Writing and Intuition by Faith Van Horne
I am happy to welcome Faith Van Horne back for another month with us! In today’s article Faith discusses writing and intuition. Enjoy!
Writing advice tends to be divided into two seemingly contrasting camps: “art” vs. “craft.” The craft camp is centered on concrete, nuts, and bolts matters. In writing novels, these include skills like characterization, building a plot, creating more realistic dialogue, and so forth. The art side focuses on the less quantifiable, but equally important, aspects of writing. For myself, writing is an important creative outlet, so expressing myself artistically goes hand in hand with improving my craft.
In reality, however, there isn’t a sharp separation between the two areas of writing. They overlap in many places. For example, while not hard and fast, intuition is an important part of writing.
“Intuition” can carry a sense of abstract mysticism. And while some people have stronger innate instincts, in reality intuition can also be taught as a skill. Martial artists know this well. In “Dojo Wisdom for Writers,” Jennifer Lawler explains:
“Martial artists cultivate their intuition… Maybe it’s just the way a person entering a room looks or smells. Maybe his expression reveals his discontent and anger and the martial artist senses he’s looking for trouble. The wise martial artist slips away and doesn’t oblige.” [Emphasis mine.]
Lawler goes on to make a separate point about writing and intuition, dealing with how writers should trust their hunches about their careers. But intuition plays an important part in how words appear on the page, as well.
The important part of this quote to me is the idea that intuition can be cultivated. In practicing martial arts, one learns to see the signs of conflict emerging. A stiffened stance; speaking in clipped tones; an increasingly closed-off expression. Even if one starts their practice as an oblivious observer, these signs of potential trouble become more easy to spot as one gets trained. Sensing that someone’s about to blow their top isn’t an in-born mystical talent. It’s a skill that can be built.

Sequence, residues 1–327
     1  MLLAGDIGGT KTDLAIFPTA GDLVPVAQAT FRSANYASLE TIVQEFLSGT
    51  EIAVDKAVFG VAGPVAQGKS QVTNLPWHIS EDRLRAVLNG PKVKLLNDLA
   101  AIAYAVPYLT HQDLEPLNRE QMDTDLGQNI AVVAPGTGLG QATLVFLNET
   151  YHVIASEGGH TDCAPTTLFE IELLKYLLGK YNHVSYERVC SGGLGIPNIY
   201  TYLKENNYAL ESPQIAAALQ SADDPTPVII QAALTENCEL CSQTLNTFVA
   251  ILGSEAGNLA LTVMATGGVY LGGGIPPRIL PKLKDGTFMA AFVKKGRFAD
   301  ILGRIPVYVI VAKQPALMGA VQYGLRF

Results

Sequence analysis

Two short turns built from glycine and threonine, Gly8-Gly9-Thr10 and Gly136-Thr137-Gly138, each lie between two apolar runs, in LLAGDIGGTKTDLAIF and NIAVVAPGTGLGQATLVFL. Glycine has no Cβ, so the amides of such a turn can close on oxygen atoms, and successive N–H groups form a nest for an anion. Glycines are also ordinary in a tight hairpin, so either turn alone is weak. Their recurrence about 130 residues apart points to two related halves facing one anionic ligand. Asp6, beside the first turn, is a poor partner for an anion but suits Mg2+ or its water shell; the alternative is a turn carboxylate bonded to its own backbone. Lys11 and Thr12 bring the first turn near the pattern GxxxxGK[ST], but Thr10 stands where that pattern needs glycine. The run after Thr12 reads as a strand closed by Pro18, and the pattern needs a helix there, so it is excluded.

The same goes for intuition in writing. Regardless of how carefully one might outline a first draft, plotting out character arcs, action and recovery scenes, fiction writing is never so cut and dried. Part of the creative process is letting go, trusting one’s writing instincts, and seeing where the story takes you.
But again, this is a skill that can be taught. A lot of writers develop their intuitive skills through reading loved books. With awareness and practice, one can learn what aspects of an author’s writing transports her into the story. You can get an instinctive sense of a character description that brings the written word out of a line on a page and makes it live within you. This knowledge can then be applied to your own writing.
Try this the next time you’re working on a fresh draft. Before beginning, heighten your awareness. Let the words flow out. And as you write, be mindful of how your words feel to you. Maybe you’re especially aware of the unique aspects of a setting, and a description of the pattern of the rug on the floor brings out a deeper story point. Or an especially cutting line of dialogue sets one character apart. With practice, your intuition can become a powerful guide.
Faith Van Horne is the author of the young adult fantasy novel Slideways. Her collection of offbeat horror stories, Super Sargasso, is now available. She is currently working on another novel. In her free time, she practices karate, and even helps teach it a little. She also blogs at Scribatious (faithvanhorne.